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Emergent literacy skills of Saudi Arabic speaking children with and without developmental language disorder

Alsiddiqi, Z. A., Stojanovik, V. and Pagnamenta, E. (2021) Emergent literacy skills of Saudi Arabic speaking children with and without developmental language disorder. Clinical Linguistics and Phonetics. ISSN 1464-5076

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To link to this item DOI: 10.1080/02699206.2021.1955299

Abstract/Summary

Research with English-speaking populations has shown that there is a relationship between developmental language disorder (DLD) and emergent literacy skills in children. A small number of Arabic studies have indirectly investigated this relationship in typically developing (TD) children, and children with reading difficulties, and demonstrated the important role of morphosyntactic skills in Arabic reading acquisition. However, none of the previous work has examined the relationship between oral language and emergent literacy skills in children with and without DLD. The aims of this study are twofold: to investigate the language and emergent literacy skills of Saudi Arabic children with DLD aged between 4;0– 6;11 years of age; to compare their performance to age and socioeconomic status matched TD children, and to investigate the relationship between language and emergent literacy skills in both groups. A comprehensive Arabic language and emergent literacy battery was administered. Findings demonstrated that the TD group significantly outperformed the DLD group on most emergent literacy tasks. The DLD group was significantly less accurate than TD group on syllable segmentation, and phoneme awareness skills. There were significant associations between oral language skills and emergent literacy skills in the DLD group. In TD group, vocabulary knowledge and syntactic skills were associated with some emergent literacy skills. Syntactic skills were found to have moderately significant relationship with all emergent literacy skills in both groups. This might suggest the important role of morphosyntactic skills to literacy development in Arabic. Overall, findings were consistent with existing literature, and demonstrated strong relationships between oral language and emergent literacy skills in the Arabic language.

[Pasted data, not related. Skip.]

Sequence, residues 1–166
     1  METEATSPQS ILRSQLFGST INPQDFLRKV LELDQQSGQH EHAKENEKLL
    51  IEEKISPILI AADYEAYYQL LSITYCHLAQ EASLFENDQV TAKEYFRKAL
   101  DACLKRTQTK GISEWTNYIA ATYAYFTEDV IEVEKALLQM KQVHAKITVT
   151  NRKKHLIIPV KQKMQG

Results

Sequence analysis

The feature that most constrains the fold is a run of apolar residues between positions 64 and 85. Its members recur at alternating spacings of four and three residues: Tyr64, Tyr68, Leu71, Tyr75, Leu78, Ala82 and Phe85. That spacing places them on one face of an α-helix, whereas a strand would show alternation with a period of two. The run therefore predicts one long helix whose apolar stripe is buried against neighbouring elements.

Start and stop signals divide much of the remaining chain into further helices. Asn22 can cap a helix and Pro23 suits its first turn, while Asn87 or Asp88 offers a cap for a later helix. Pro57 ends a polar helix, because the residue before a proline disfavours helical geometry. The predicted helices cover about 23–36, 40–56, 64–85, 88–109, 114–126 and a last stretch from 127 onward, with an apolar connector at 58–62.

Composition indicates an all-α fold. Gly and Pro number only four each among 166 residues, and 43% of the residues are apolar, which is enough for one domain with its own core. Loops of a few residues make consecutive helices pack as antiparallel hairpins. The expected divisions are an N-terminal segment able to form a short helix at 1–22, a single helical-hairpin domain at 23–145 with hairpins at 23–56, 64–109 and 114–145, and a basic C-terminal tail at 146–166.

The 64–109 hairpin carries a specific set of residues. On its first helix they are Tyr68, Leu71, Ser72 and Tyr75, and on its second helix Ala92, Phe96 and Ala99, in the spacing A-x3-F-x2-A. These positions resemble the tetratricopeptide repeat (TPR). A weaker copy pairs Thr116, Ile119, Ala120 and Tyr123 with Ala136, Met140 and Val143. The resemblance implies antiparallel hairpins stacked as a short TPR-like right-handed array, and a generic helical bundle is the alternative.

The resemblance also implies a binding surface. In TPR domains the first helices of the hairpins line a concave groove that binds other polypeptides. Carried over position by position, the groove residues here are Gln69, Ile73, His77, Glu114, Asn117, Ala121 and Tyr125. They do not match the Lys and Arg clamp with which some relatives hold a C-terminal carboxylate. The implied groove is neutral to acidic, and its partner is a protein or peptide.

Item Type:Article
Refereed:Yes
Divisions:Life Sciences > School of Psychology and Clinical Language Sciences > Development
Life Sciences > School of Psychology and Clinical Language Sciences > Department of Clinical Language Sciences
ID Code:99543
Publisher:Informa Healthcare

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